Brace for impact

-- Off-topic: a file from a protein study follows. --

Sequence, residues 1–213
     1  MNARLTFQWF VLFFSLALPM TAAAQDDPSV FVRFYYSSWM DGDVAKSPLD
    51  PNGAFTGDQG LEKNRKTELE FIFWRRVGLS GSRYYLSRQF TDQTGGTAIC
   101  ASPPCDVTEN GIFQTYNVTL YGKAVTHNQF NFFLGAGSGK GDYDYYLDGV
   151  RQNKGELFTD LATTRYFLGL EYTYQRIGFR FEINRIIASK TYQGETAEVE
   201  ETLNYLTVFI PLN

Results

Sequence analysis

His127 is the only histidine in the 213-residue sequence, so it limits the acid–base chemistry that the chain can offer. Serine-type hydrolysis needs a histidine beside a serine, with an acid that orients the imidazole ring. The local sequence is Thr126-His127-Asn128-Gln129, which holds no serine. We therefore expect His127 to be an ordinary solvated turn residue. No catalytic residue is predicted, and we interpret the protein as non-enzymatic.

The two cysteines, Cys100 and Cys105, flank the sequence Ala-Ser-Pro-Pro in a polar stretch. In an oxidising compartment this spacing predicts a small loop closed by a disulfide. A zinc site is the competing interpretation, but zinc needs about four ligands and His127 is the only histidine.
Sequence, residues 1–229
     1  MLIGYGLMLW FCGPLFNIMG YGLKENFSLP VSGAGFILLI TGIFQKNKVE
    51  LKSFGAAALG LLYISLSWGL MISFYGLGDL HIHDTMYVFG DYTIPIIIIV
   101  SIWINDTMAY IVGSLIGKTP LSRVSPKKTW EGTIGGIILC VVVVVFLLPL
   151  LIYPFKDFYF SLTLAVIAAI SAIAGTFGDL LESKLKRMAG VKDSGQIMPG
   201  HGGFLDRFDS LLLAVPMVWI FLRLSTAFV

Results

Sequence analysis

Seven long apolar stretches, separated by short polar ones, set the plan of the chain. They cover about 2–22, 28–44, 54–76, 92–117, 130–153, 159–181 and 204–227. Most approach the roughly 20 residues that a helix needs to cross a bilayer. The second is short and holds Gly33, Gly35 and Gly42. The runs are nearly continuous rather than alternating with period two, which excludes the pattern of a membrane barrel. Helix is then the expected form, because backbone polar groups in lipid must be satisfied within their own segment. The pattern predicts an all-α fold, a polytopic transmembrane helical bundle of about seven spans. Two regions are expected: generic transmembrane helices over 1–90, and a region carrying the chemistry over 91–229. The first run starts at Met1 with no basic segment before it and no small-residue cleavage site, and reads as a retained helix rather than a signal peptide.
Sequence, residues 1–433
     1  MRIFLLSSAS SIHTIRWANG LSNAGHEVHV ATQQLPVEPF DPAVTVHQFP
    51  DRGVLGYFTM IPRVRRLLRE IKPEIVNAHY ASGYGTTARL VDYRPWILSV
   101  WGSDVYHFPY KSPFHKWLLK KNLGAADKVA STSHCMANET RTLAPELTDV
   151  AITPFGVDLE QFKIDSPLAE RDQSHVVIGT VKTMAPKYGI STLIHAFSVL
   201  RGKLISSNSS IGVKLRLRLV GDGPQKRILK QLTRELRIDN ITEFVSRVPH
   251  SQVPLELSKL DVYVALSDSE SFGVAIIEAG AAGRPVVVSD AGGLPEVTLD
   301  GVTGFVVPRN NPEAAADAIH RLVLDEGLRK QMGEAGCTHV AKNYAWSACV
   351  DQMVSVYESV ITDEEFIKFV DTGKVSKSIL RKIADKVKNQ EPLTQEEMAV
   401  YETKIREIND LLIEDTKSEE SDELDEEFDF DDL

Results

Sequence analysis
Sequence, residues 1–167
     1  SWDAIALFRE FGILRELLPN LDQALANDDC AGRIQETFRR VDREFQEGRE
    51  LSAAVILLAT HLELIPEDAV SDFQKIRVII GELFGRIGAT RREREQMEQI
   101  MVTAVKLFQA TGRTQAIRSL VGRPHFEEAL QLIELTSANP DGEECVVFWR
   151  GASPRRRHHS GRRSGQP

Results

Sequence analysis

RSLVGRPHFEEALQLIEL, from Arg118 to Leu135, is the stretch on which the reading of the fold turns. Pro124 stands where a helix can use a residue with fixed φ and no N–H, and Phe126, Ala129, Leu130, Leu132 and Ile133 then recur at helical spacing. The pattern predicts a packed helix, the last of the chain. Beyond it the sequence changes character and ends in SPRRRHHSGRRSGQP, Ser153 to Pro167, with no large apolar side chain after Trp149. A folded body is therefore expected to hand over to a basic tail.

A few milliseconds before a returning space capsule – or any object – falls into water, the water already ‘sees it coming’. The water’s surface takes the shape of the bottom of the falling object as the air layer trapped between the object and the water is squeezed out. UT-researchers from the Physics of Fluids group published two articles on this so-called ‘air-cushioning effect’. By exploiting this effect, engineers can shape the bottom of a spacecraft in such a way it decreases the damage caused by impact on splashdown landing.

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